The Tiber Valley Project investigates the emergence and transformation of the city of Rome from 1000 BC to AD 1000 through the lens of the landscape history of its northern hinterland. This region of northern Lazio was the setting for the pioneering South Etruria Survey, conducted under the auspices of the British School at Rome, between the 1950s and 1970s. Although never published in full, the results of that survey were highly influential both the on development of Mediterranean survey and on historical debates, in particular concerning the Republican and early medieval periods. By the late 1990s, it had become obvious that a comprehensive restudy of the complete material and documentary archive was required if the results of the South Etruria Survey were to be used to contribute reliably to research, for example, concerning Roman demography and incastellamento, but also to wider archaeological questions about the impact of ancient cities on their hinterlands, the productive potential of landscapes and inter-regional comparisons of settlement trajectories. Between 1998 and 2002, an international team of researchers based at the British School at Rome and supported by the Leverhulme Trust, restudied around 80,000 objects collected by South Etruria Survey and digitised thousands of record cards to create a GIS database of sites and findspots. The project also undertook a comprehensive literature review to update and contextualise the South Etruria Survey results with details from dozens of subsequent surveys and excavations undertaken within the original survey area and in the area to the immediate east, on the Sabine bank of the River Tiber. The result was a database of around 5000 sites, dating from the Bronze Age through to the medieval period.
The restudy of the South Etruria Survey was supplemented by a series of parallel projects intended to fill gaps in the existing knowledge base and to expand the range of information available. These sub-projects included geophysical surveys of urban sites, specialist studies of materials such as paving stones, repeat surveys and excavations, and have resulted in a number of PhD theses (including studies of brickstamps, agricultural production and multiple classes of pottery).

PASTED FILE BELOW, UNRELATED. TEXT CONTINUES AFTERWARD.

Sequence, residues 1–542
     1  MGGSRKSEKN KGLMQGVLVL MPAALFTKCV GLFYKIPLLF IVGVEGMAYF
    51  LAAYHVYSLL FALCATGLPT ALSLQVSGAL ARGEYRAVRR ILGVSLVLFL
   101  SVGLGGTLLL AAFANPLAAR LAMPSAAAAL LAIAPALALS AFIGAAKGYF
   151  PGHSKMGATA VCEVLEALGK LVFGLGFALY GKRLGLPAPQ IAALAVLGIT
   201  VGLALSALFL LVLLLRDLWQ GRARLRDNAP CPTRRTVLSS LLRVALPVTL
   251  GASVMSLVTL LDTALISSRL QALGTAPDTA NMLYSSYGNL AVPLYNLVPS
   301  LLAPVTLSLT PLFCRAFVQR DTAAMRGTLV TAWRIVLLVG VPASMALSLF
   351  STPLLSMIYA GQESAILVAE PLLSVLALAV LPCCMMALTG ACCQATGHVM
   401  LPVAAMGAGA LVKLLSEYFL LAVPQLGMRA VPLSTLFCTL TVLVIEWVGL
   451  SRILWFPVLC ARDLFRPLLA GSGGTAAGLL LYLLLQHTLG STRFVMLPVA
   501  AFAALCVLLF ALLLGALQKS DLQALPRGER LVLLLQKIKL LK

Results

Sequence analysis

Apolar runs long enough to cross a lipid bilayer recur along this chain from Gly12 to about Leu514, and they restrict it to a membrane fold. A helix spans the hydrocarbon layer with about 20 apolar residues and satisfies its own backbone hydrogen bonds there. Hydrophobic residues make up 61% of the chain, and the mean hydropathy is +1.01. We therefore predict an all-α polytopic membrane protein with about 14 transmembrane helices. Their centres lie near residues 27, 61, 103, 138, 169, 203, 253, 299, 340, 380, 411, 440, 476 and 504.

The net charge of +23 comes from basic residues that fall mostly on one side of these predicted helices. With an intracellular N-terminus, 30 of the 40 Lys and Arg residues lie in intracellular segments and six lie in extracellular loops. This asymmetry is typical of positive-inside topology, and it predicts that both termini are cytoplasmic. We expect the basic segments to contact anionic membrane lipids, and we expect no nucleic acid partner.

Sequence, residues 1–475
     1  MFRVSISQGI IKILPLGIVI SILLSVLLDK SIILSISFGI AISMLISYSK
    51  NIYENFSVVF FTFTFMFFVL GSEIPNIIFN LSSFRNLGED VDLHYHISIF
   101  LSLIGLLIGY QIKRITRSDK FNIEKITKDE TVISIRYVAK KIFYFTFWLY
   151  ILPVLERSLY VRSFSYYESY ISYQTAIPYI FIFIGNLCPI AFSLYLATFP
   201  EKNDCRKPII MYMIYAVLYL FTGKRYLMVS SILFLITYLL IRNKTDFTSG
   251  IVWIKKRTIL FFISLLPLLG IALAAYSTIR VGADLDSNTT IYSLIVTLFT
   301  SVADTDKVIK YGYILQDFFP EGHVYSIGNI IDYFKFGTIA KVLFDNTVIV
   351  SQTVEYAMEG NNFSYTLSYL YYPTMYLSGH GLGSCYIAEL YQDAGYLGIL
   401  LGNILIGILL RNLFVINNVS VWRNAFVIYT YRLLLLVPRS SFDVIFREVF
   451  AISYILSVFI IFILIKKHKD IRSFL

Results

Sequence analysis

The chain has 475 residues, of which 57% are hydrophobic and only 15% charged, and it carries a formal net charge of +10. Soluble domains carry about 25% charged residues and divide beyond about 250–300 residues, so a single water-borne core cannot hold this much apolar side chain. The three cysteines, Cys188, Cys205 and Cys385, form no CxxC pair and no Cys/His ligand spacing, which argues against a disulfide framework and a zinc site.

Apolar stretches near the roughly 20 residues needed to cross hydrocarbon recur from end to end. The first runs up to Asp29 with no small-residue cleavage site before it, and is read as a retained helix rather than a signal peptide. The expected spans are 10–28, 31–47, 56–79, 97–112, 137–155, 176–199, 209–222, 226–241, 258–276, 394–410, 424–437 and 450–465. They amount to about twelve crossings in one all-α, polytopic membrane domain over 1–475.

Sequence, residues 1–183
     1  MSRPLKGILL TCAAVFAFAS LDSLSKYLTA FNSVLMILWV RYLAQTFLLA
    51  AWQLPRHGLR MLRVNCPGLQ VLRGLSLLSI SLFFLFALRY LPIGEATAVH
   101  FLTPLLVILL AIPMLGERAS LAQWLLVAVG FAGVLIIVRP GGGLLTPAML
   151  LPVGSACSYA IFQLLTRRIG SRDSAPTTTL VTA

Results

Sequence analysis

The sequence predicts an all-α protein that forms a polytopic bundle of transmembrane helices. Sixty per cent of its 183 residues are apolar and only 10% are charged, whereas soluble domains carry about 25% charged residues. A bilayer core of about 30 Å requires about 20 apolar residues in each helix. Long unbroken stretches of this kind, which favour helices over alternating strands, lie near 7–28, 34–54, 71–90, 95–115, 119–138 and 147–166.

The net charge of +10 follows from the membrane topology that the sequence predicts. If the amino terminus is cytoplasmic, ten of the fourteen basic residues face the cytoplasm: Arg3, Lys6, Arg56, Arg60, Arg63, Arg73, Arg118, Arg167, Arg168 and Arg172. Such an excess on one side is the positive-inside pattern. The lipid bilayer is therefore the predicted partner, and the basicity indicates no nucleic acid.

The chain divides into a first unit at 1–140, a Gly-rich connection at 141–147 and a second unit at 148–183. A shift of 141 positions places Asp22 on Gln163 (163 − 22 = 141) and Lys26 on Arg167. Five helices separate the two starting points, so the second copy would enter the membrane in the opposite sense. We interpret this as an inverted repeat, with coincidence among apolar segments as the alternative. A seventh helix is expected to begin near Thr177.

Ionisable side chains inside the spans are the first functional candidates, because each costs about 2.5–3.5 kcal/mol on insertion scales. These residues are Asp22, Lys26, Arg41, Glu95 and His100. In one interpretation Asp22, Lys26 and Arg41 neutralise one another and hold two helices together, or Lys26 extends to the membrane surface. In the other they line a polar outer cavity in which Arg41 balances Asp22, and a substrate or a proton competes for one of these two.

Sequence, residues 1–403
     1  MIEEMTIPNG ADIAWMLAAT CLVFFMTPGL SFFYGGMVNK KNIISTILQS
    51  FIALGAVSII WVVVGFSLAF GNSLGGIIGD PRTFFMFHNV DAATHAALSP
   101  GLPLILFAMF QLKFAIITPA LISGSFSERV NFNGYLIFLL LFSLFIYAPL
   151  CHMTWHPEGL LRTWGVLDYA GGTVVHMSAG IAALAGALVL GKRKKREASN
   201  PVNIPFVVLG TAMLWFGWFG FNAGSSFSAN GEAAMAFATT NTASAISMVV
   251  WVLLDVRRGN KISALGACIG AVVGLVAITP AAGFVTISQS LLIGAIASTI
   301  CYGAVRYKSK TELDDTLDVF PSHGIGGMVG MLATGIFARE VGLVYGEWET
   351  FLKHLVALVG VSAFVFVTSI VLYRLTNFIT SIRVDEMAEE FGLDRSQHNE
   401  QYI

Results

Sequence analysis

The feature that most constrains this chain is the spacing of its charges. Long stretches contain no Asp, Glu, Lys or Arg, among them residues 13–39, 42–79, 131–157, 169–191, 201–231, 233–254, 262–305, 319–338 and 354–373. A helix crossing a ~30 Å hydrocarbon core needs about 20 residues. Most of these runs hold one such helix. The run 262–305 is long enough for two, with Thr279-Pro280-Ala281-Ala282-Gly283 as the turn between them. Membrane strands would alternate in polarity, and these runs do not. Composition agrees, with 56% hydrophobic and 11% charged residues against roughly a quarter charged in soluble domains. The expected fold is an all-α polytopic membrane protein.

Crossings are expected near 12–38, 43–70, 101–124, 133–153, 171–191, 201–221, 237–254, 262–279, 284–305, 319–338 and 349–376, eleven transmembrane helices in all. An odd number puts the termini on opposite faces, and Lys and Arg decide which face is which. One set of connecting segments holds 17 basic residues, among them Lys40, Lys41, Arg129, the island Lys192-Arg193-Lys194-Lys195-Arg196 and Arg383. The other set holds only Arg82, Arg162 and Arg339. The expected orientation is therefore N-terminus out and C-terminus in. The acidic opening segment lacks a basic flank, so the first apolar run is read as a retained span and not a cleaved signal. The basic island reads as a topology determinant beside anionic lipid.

Over the past two decades, a series of publications have presented interim results and detailed studies of various specific aspects of the project’s research on the pre-Roman, Roman and medieval landscapes of the middle Tiber valley. These include ‘Three South Etrurian “Crises”’ (Patterson, Di Giuseppe & Witcher 2004), Bridging the Tiber (Patterson, ed. 2004), Mercator Placidissimus (Coarelli & Patterson, eds, 2008) and Veii: the historical topography of the ancient city (Cascino, Di Giuseppe & Patterson, eds, 2012).
The final project monograph, The Changing Landscapes of Rome’s Northern Hinterland: The British School at Rome’s Tiber Valley Project (Patterson, Witcher & Di Giuseppe 2020) synthesises two decades’ of research to present an extended regional history of the middle Tiber valley. The chapters include the first detailed assessment of the field methods of the South Etruria Survey, an extended discussion of the use of archaeological legacy data, and new insights into the social and economic connectivities between Rome and the communities of its northern hinterland across two millennia. The volume as a whole demonstrates how the archaeological evidence generated by landscape surveys can be used to rewrite narrative histories, even those based on cities as familiar as ancient Rome.